Even With Two F4 Teams, Was the Big Ten a Disappointment?

Posted by Brendan Brody on April 14th, 2015

Coming off of the high of putting three teams into the Elite Eight and one of those into the Final Four a year ago, the Big Ten slipped back to the pack in terms of conference superiority this season. Despite winning the ACC/Big Ten Challenge and advancing two more teams to the sport’s final weekend, the Big 12 and the Big East put together better regular seasons by most reasonable metrics. The question coming out of this season is whether the 2014-15 campaign actually was a disappointment or did Wisconsin and Michigan State’s runs to the Final Four erase the league’s previous sins?

Did the tournament runs by Wisconsin and Michigan State help make up for the non-conference losses in the B1G?

Did the NCAA Tournament runs by Wisconsin and Michigan State make up for the Big Ten’s non-conference performance?

  • Reasons for Disappointment: The league took a hit in terms of its early credibility with some really bad non-conference losses. Some of those opponents — like Eastern Washington and Texas Southern — eventually went on to make the NCAA Tournament, but a 136-44 record with 16 losses to non-power conference foes led to the writing of the league’s epitaph before conference play had even started. Michigan State, Michigan and Nebraska weren’t Top 25 teams for very long after rough starts. Ohio State, Iowa and Indiana blew multiple chances for marquee wins. And while the addition of Maryland made the league stronger at the top, Rutgers’ 8-5 non-conference record was fool’s gold on its way to a 2-16 Big Ten campaign. It’s an open question whether Illinois and Minnesota underachieved with experienced lineups that were unable to notch NCAA Tournament berths this season.

Read the rest of this entry »

Share this story

O26 NCAA Tourney Reflections: What Went Right & What Went Wrong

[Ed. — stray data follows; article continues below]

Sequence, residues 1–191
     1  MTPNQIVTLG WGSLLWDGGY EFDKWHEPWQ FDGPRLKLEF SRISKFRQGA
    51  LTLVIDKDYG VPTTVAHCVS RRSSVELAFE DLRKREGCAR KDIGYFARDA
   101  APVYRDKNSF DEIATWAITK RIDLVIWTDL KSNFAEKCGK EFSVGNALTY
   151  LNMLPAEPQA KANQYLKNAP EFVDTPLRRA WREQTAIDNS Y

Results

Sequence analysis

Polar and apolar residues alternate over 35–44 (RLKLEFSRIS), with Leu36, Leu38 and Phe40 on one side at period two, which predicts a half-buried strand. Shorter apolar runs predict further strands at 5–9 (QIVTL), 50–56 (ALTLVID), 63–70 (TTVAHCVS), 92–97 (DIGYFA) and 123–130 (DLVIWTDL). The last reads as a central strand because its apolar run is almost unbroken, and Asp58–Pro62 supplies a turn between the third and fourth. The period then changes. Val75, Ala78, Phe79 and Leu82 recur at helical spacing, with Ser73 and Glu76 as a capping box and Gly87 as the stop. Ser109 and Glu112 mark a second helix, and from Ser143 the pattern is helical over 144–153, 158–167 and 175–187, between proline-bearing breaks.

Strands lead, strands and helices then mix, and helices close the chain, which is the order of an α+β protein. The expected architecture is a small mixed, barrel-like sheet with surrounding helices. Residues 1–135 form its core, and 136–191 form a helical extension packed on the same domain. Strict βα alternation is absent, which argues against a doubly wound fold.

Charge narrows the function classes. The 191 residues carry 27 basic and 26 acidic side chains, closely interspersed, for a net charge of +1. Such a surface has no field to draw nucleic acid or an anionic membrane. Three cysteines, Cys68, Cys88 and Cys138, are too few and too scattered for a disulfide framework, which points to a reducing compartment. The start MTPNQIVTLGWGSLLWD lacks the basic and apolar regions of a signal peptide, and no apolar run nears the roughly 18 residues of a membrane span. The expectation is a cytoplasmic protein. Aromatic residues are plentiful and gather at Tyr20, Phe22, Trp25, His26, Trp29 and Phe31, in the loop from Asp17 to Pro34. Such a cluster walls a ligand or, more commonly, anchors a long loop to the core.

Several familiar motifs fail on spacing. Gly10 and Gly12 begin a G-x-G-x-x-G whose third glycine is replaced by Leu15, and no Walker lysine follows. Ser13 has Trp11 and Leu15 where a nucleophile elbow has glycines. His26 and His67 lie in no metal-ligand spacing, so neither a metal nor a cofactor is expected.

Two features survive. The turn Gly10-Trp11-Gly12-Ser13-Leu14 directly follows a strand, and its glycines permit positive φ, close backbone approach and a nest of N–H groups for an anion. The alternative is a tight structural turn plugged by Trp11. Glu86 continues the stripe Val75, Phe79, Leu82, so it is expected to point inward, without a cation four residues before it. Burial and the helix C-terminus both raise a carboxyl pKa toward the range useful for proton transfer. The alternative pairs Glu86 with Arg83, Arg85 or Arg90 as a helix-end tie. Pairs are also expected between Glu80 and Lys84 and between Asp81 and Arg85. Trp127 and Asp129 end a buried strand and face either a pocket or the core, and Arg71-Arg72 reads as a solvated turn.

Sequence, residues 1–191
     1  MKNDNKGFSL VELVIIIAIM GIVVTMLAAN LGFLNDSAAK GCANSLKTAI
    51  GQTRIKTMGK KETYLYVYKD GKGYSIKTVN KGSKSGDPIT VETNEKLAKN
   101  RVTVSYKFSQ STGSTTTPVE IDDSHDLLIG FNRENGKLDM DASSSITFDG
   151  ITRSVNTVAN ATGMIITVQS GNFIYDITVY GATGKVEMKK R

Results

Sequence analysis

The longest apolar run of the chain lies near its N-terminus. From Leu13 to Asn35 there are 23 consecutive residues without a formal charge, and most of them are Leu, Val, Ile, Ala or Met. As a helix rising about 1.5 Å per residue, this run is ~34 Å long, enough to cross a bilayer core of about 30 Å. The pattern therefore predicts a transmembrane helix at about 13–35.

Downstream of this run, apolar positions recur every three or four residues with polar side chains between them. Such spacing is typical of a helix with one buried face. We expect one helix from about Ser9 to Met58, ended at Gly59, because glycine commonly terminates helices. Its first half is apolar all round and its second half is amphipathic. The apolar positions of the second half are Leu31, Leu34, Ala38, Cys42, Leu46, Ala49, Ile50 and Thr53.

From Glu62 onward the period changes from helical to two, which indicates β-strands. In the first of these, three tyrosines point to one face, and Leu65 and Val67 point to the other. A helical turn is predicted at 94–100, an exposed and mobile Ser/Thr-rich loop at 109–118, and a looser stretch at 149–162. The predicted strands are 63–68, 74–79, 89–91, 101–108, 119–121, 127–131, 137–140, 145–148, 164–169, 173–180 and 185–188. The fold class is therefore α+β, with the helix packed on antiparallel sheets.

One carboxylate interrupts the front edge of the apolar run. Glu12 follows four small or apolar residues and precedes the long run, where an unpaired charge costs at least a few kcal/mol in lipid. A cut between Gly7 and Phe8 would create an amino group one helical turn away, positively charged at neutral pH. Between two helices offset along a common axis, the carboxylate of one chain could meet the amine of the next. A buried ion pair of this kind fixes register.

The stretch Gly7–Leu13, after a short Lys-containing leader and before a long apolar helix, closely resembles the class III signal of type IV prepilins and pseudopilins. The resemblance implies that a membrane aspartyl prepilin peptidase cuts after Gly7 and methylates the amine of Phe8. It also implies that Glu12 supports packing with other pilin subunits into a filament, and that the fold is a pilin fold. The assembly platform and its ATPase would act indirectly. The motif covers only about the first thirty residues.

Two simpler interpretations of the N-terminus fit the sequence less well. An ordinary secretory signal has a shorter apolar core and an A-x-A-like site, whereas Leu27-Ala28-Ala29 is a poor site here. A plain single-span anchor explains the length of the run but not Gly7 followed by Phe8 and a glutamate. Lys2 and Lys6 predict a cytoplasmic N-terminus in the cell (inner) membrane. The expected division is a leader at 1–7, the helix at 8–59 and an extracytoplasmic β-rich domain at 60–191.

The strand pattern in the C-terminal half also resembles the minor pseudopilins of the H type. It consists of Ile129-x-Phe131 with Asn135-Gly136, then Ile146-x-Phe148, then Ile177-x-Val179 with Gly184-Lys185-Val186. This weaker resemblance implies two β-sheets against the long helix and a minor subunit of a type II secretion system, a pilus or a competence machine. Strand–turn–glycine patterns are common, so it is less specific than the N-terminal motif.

Posted by Tommy Lemoine on April 13th, 2015

Now that we’ve all had some time to decompress, let’s look back on a few of the successes, failures, and shining moments for O26 squads this March.

What Went Right

Ron Hunter provided one of the iconic moments of March. (Photo by Kevin C. Cox/Getty Images)

Ron Hunter provided one of the iconic moments of March. (Photo by Kevin C. Cox/Getty Images)

  • The #14 seeds Came to Play. The NCAA Tournament wasted no time producing its madness, thanks largely to a trio of plucky #14 seeds. In a span of roughly three hours on the first Thursday afternoon, two #3 seeds were toppled and another narrowly avoided defeat – immediately satisfying our expectations of chaos. First, UAB – the youngest team in the Dance – overcame an early 12-2 deficit against Big 12 Tournament champion Iowa State, stormed back, and knocked off the Cyclones by one, 60-59. Shortly thereafter, Georgia State, trailing Baylor by 10 points with under two minutes left, staged an improbable upset of its own, punctuated by R.J. Hunter’s game-winning three-pointer and his father’s subsequent antics. Even Northeastern had a shot to beat Notre Dame with 30 seconds to play. “They took the bullet, not us,” Irish coach Mike Brey said afterward, referring to all the #14-on-#3 crime elsewhere around the country. Before most of America had time to leave the office, a few of the month’s most exciting and improbable results had already played out. And it was pretty awesome.
  • Ron Hunter’s One Shining Moment. After tearing his Achilles in the Sun Belt championship game just a few days earlier, Georgia State coach Ron Hunter provided the signature moment of opening weekend in the Panthers’ upset win over Baylor. The fifth-year head man literally fell off his rolling chair following his son’s (R.J. Hunter) go-ahead three-pointer with 2.5 seconds left, then – completely overwhelmed by joy – bent over and placed his head in his hands as the clock expired. The emotional father/son press conference afterward further added to the drama: “It was a great game, but I’m not going to coach, I’m going to be Dad right now… This is my son. Proud of him.” Not only was it among the biggest victories in Georgia State program history, but it earned Ron Hunter a TBS guest analyst spot during the following weekend.

Read the rest of this entry »

Share this story

On the Big 12’s Poor Tournament Performance and Best Conference Proclamations